So consider the first column. Here the whole proposition is evaluated as true if both terms are assigned the value of true. That means we would stack P above Q (102). We can think of it as meaning:
Now instead consider column 2. Here the proposition is evaluated as true if P is assigned the value of true and Q is assigned the value of false. In this case, we would stack P above ¬Q (102). Here we can think of it as meaning:
Branching decompositions happen when the proposition is false under just one truth-value assignment.
Branching rule: A branching rule is a truth-tree rule where the condition under which a proposition ‘P’ is true is represented by branching. A branching rule is applied to propositions that are false only under one truth-value assignment.
So consider this table:
See how in column 1, the whole proposition is false only when both terms are false. And it is true so long as at least one of the two terms are true. This means we will decompose it with P at the end of one branch and Q at the end of the other (103). We can think of it as saying:
And like before, if one of the terms is false in the assignment, it would be negated on the branching.
We use branching and stacking decomposition “when the proposition is true under two truth- value assignments and false under two truth-value assignments” (104).
Branching-and-stacking rule: A branching-and-stacking rule is a truth-tree rule where the truth conditions of a proposition ‘P’ are represented by branching and stacking. A branching- and-stacking rule will be used when ‘P’ is true under only two truth-value assignments and false under two truth-value assignments.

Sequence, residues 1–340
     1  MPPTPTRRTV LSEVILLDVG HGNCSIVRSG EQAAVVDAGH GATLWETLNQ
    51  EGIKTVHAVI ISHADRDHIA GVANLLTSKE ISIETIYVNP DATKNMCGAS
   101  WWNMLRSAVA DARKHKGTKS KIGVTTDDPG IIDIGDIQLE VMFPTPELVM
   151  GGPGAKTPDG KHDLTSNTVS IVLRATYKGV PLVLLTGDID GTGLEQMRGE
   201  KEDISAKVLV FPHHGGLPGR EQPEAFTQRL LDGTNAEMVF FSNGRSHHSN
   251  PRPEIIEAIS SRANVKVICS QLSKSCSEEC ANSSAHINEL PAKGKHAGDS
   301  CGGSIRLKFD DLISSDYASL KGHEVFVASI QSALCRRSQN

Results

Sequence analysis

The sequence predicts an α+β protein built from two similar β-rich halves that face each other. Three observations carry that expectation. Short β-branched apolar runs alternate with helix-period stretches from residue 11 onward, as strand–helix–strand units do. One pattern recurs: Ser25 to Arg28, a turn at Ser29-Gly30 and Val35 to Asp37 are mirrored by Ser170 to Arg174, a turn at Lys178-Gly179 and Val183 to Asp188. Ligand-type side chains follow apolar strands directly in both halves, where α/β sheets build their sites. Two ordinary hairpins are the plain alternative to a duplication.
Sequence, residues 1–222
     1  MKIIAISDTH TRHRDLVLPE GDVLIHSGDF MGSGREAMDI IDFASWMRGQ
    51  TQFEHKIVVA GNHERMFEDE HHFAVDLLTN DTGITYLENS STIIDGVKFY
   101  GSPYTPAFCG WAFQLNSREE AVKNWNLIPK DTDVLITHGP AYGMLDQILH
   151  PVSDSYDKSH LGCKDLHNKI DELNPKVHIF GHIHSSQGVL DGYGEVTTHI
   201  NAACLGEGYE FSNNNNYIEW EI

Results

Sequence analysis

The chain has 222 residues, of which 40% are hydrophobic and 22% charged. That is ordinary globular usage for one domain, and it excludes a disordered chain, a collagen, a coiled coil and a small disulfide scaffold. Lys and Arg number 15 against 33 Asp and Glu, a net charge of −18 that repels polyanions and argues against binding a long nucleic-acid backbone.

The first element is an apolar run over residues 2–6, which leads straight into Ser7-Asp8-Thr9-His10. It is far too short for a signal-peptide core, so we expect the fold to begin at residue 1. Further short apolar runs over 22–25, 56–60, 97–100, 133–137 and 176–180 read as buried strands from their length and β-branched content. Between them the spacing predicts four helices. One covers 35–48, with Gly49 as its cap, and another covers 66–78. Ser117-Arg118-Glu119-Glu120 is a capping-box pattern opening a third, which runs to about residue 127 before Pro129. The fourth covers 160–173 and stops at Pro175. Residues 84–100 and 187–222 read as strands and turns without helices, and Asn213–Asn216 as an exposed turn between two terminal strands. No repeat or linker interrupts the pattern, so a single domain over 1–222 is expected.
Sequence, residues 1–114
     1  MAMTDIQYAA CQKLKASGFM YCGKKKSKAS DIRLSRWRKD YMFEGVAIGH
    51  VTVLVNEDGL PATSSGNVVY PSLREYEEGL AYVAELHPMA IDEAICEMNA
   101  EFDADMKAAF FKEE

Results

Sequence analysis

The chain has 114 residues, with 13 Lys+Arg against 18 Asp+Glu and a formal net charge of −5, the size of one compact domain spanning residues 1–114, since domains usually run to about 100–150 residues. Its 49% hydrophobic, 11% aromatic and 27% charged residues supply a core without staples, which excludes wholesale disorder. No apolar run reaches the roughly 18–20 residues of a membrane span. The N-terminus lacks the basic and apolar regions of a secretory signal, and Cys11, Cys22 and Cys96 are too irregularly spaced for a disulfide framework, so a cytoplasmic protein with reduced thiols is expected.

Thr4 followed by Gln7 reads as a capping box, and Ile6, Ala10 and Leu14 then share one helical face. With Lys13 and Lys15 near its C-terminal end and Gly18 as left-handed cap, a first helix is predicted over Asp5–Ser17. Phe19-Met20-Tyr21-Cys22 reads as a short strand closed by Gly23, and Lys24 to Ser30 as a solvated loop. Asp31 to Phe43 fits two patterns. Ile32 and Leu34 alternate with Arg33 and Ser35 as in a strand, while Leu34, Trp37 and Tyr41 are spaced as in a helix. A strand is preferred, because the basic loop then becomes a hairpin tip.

Here is the table for this pattern:
Agler then says that “The representation of these truth functions in terms of a truth tree is left as an exercise” (104). [The problem is that I am not sure how to do this. I will propose a possibility, and I will explain why I am not sure about it. Let us do column 6, because that would be the biconditional operator. One representation that I think could possibly work is:
But this is not structured like the other ones. We should have a simpler structure that follows the other patterns. However, I do not think it works if we do this:
I am pretty sure that the biconditional P↔Q does not mean ((P∨¬P)∧(Q∨¬Q)), because they are not logically equivalent, and the second one is a tautology anyway. However, I am assuming that we should have something in this simpler form. I am just not sure how to do it.]
Agler, David. Symbolic Logic: Syntax, Semantics, and Proof. New York: Rowman & Littlefield, 2013.